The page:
In the details page, data graphs are available for all the monitored metrics for that resource.

The screenshot shows Details graph for VM CPU usage.

Figure 7: CPU Utilization data for a Virtual Machine

3. Configure Alerts to be notified about performance and availability issues with monitored Azure entities

Figure 8: A new alert being added that will be triggered when Azure VM CPU metric exceeds a threshold of 90% within a time period of 5 min

Alerts can be configured against any of these all monitored metrics for Azure resources.

You can configure new alerts that will be triggered when performance issues with Azure resources. You can also configure the notification mechanisms for a triggered alert.

  1. Go to Alerts Tab > Configure alerts and click on ‘New Alerts’ button
  2. Provide values for these fields in the New Alert page:
  • Description: A description of the alert that will be easily recognized by you and your team if the alert is triggered
  • Alert me when: Select the metric of interest and the condition upon which the alert is triggered. In the Alert me when drop-down, you can prefill “Azure:” to get only the list of monitored metrics of the selected type of Azure resource. From this list, you can then select the specific metric for which you want to configure an alert. As an illustration, in Figure 8, the chosen metric of interest in ‘Alert me when’ is ‘Azure: VM: CPU Utilization’ and the condition for triggering the alert is if the average value is more than or equal to the specified value of 90%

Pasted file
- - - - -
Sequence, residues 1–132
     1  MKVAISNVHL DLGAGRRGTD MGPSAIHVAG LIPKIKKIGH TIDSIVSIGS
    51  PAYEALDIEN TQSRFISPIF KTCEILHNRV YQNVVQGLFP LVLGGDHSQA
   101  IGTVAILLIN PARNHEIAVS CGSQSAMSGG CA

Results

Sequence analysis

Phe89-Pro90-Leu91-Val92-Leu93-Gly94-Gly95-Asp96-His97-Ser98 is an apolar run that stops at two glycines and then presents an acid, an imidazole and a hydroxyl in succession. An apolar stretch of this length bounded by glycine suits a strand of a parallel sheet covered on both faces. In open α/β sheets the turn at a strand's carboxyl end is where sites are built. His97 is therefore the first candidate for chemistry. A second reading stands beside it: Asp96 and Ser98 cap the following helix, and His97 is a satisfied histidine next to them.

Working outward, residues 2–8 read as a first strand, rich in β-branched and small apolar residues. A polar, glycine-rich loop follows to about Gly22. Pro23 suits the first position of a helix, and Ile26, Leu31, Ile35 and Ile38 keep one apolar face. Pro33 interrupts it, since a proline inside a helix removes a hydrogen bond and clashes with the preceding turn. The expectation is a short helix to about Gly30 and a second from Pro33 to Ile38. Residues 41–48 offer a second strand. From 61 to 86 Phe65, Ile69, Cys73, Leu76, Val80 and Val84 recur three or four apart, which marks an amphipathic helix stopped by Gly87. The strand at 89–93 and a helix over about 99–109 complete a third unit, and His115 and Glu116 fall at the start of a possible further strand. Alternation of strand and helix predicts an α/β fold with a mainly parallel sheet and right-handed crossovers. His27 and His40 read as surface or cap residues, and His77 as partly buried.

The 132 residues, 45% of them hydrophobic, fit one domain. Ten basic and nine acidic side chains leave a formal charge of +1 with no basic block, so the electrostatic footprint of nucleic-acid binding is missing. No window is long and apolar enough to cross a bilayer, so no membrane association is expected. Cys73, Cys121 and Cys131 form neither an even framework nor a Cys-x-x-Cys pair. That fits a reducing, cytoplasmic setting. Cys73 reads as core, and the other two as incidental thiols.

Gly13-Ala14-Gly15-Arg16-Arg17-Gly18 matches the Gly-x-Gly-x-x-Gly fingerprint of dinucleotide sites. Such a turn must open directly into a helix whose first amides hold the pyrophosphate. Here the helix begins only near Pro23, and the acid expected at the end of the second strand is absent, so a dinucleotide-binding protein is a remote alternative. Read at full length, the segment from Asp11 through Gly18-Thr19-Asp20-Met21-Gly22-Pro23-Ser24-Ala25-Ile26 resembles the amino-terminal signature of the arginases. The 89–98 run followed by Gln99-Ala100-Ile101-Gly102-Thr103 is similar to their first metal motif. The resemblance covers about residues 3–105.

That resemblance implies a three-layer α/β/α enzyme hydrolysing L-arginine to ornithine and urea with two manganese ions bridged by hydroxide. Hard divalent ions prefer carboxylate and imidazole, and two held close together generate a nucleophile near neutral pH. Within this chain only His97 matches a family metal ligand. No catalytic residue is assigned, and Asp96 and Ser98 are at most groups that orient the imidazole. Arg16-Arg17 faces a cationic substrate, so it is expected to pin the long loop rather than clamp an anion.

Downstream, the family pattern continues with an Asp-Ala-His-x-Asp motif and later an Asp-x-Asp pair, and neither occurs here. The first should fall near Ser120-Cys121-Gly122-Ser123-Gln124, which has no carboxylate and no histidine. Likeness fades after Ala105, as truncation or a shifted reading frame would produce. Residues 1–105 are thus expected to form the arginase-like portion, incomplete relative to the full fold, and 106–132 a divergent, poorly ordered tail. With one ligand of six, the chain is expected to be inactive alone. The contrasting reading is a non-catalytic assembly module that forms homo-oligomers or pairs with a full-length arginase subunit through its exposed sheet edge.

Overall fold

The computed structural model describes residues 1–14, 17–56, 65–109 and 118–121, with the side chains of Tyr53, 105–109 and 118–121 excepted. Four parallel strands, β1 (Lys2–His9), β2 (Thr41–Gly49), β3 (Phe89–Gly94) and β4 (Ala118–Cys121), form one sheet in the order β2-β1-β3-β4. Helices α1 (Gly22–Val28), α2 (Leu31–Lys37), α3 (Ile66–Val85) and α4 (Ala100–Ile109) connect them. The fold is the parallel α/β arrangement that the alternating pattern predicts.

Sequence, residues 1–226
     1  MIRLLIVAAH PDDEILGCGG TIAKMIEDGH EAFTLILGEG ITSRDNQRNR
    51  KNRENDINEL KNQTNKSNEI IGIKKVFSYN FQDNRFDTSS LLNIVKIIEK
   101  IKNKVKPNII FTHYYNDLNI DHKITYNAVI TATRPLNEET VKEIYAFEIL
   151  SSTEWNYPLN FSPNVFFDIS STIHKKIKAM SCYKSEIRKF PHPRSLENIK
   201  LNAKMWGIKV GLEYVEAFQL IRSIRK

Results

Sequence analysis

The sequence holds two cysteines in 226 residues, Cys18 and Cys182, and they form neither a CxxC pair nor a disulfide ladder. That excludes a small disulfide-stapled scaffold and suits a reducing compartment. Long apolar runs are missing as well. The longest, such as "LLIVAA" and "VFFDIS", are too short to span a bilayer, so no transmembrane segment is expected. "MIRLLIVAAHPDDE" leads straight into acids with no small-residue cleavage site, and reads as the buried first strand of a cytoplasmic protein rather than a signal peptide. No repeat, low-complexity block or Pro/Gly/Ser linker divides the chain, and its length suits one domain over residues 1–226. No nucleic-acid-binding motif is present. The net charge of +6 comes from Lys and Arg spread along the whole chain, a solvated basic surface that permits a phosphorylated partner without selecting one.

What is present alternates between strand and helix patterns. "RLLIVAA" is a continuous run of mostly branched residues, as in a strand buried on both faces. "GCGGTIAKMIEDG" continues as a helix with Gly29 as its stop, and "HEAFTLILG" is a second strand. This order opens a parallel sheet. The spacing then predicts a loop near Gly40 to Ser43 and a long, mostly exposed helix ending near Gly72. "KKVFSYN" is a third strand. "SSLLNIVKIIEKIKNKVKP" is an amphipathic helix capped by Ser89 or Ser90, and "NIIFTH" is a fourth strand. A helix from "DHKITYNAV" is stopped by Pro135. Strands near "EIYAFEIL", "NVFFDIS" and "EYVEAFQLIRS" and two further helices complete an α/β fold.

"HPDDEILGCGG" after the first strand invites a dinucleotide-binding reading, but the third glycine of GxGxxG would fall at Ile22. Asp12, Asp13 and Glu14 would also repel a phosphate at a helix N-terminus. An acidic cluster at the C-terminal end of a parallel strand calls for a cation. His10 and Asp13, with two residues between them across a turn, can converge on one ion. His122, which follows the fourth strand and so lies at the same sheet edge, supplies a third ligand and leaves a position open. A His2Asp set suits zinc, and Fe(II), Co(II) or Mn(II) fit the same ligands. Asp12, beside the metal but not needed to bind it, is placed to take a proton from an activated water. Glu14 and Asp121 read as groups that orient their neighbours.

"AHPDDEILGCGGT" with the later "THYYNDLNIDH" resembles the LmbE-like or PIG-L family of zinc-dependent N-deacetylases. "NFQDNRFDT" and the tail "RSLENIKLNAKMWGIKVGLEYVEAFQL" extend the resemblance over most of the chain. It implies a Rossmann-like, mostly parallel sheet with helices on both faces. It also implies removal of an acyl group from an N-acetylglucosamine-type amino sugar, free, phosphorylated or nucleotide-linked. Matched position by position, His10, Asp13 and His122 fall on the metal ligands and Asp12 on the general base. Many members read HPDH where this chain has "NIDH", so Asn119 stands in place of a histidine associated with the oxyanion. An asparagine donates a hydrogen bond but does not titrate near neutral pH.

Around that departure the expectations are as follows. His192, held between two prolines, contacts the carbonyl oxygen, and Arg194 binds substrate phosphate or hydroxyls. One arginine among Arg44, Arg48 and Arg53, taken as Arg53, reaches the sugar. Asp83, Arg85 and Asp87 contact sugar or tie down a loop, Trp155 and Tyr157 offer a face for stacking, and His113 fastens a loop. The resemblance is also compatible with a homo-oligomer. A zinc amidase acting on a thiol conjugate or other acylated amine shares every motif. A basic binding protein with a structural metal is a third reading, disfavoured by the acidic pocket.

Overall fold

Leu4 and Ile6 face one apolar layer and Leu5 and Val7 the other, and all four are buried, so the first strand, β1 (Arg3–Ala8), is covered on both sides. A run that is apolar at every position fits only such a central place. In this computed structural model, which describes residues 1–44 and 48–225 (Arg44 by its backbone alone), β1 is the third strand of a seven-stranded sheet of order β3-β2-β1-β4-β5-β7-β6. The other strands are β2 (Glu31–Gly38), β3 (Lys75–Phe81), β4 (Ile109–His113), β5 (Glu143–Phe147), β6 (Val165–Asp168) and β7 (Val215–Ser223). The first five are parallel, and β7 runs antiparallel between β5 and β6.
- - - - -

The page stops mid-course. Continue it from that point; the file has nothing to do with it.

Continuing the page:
• For at least: The duration for which the alert condition must be valid for the alert to be triggered
  • Matching tags: By default, (match everything) is chosen. If needed, you can attach tags to a particular metric object and select those tags here, which would cause only alerts on that metric object to be triggered.